A report released on Thursday by the Group of States against Corruption (GRECO), the Council of Europe’s anti-corruption organization, has shown once again Turkey’s failure to fully implement a majority of the group’s anti-corruption recommendations, with its level of compliance remaining “globally unsatisfactory,” the same as in the previous report, Turkish Minute reported.
GRECO made public on Thursday its Fourth Interim Compliance Report of the Fourth Evaluation Round on Turkey, which deals with the prevention of corruption of members of parliament, judges and prosecutors. The report was adopted by GRECO at its 94th plenary meeting in Strasbourg June 5-9.
According to the report, Turkey satisfactorily implemented only three of the 22 anti-corruption recommendations and partly implemented nine others, while 10 of them have not been implemented.
GRECO aims to improve the capacity of its members to fight corruption by monitoring their compliance with anti-corruption standards. It helps states to identify deficiencies in national anti-corruption policies, prompting the necessary legislative, institutional and practical reforms.
With respect to members of parliament, none of the recommendations contained in the Fourth Evaluation Round Report have been fully implemented, GRECO said, regretting that no new information was provided as regards the implementation of these recommendations, in particular the state of play of the draft Law on Ethical Conduct for Members of Parliament and the verification of asset declarations by MPs.
Other shortcomings that remain to be addressed, according to GRECO, include the need to enhance the transparency of the legislative process and measures to ensure MPs’ integrity (e.g., a permanent confidential counseling mechanism and operational induction and in-service training on parliamentary ethics).
With regards to the implementation of its recommendations for judges and prosecutors, GRECO said three recommendations have been implemented satisfactorily or dealt with in a satisfactory manner.
The report said that practical guidelines for judges and prosecutors are to supplement the Judicial Ethics Declaration, which had been published by Turkey’s Board of Judges and Prosecutors (HSK) in 2019.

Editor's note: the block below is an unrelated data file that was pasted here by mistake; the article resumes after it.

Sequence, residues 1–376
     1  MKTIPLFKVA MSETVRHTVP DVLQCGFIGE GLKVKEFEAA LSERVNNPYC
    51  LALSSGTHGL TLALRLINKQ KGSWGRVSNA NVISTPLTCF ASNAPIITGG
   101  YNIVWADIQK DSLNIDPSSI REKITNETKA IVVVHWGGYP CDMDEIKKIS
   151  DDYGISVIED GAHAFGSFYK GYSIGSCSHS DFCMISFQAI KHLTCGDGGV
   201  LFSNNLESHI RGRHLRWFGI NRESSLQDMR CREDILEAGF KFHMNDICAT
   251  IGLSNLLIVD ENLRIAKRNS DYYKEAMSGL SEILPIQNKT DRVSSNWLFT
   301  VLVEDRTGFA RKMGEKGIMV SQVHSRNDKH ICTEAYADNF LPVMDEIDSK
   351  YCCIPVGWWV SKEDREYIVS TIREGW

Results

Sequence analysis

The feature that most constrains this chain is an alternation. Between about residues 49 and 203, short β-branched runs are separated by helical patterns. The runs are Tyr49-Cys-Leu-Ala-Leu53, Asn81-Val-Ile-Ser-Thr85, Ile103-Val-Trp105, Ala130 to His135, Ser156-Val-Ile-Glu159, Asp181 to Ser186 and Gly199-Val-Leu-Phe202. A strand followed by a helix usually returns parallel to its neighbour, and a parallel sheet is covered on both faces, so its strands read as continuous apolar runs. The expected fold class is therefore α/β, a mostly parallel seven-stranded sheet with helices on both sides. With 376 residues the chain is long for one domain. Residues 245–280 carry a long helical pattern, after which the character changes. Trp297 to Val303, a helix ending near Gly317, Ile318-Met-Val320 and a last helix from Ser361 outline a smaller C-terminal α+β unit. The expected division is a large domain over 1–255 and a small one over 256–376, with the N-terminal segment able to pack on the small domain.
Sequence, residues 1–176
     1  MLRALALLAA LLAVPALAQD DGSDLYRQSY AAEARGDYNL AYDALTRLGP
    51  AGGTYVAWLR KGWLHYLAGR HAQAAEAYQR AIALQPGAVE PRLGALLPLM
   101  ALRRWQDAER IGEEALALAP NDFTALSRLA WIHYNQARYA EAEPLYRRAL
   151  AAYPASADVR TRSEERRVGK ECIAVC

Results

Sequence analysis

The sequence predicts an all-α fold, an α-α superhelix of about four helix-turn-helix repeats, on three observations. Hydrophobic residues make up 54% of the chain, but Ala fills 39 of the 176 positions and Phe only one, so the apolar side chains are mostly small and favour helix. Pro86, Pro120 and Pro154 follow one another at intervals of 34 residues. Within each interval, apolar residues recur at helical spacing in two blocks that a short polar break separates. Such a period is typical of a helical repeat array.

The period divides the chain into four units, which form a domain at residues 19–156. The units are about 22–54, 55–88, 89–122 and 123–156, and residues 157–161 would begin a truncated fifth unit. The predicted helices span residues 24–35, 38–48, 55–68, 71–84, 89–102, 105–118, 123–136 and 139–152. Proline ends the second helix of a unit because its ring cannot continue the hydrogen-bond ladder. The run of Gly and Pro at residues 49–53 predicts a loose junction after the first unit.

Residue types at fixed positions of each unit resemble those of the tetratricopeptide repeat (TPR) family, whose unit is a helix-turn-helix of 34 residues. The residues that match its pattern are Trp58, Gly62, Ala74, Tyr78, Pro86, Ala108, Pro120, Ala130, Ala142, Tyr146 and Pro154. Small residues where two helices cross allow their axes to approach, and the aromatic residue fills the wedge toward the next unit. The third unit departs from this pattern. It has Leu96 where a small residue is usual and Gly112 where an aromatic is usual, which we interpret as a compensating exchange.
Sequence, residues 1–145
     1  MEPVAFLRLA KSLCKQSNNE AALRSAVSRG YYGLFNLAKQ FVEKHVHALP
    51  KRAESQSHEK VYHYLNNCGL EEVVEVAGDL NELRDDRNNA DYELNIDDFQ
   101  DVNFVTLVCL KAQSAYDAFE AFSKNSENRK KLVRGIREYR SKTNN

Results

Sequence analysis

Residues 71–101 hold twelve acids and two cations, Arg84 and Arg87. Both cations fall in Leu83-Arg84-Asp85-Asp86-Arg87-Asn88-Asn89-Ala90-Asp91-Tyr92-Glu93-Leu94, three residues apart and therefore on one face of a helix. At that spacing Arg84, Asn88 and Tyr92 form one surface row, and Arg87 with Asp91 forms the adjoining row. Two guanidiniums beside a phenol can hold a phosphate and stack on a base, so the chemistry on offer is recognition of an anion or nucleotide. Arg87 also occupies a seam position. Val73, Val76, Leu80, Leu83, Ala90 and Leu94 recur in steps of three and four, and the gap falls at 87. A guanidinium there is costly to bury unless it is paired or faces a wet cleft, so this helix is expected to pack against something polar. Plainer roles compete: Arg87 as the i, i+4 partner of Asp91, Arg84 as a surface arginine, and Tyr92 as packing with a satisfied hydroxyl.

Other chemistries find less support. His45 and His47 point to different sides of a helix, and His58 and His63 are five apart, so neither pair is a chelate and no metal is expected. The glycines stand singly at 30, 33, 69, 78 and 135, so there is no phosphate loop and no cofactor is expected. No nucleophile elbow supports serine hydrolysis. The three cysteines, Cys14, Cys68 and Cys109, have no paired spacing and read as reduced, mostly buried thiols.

GRECO reiterated that this guidance should take into account the specificities of the distinct functions of judges and prosecutors and provide concrete examples relevant to each profession, preferably in separate documents, adding that some concrete steps, such as defining precise and objective evaluation criteria for the ethical conduct and integrity of judges and prosecutors, could be taken without further delay.
The report also highlighted the need for more substantial changes for GRECO’s recommendations to be fully implemented, notably to limit the role and influence of the executive body on a number of key matters regarding the running of the judiciary.
GRECO also lamented that no measures had been taken so far to change the composition of the HSK, which remains not in line with European standards.
“Transfers of judicial officeholders against their will is also an issue which needs to be urgently addressed,” it added.
The GRECO report has come at a time when there are widespread allegations of corruption and bribery within the Turkish judiciary.
İstanbul Chief Public Prosecutor İsmail Uçar came forward with a letter sent to the HSK in October, exposing corruption in the country’s judicial system.
In the letter sent to the office of the HSK’s secretary-general on Oct. 6, Uçar detailed allegations of bribery, nepotism and other irregularities within the judicial system. The letter also included accusations against Bekir Altun, president of the İstanbul Judicial Commission.
Turkey’s judiciary was already criticized by international bodies and rights groups for taking orders from the executive branch prior to the allegations of corruption.
Turkey has seen an erosion in the rule of law, especially after a failed coup in July 2016, when more than 4,000 judges and prosecutors were removed under the pretext of an anti-coup fight.
The ruling Justice and Development Party (AKP) is accused of replacing the purged judiciary members with young and inexperienced judges and prosecutors who have close links to the AKP.
In a development that confirmed the erosion of the Turkish judiciary, Turkey was ranked 117th among 142 countries in the rule of law index published by the World Justice Project (WJP) in late October, dropping one rank in comparison to last year.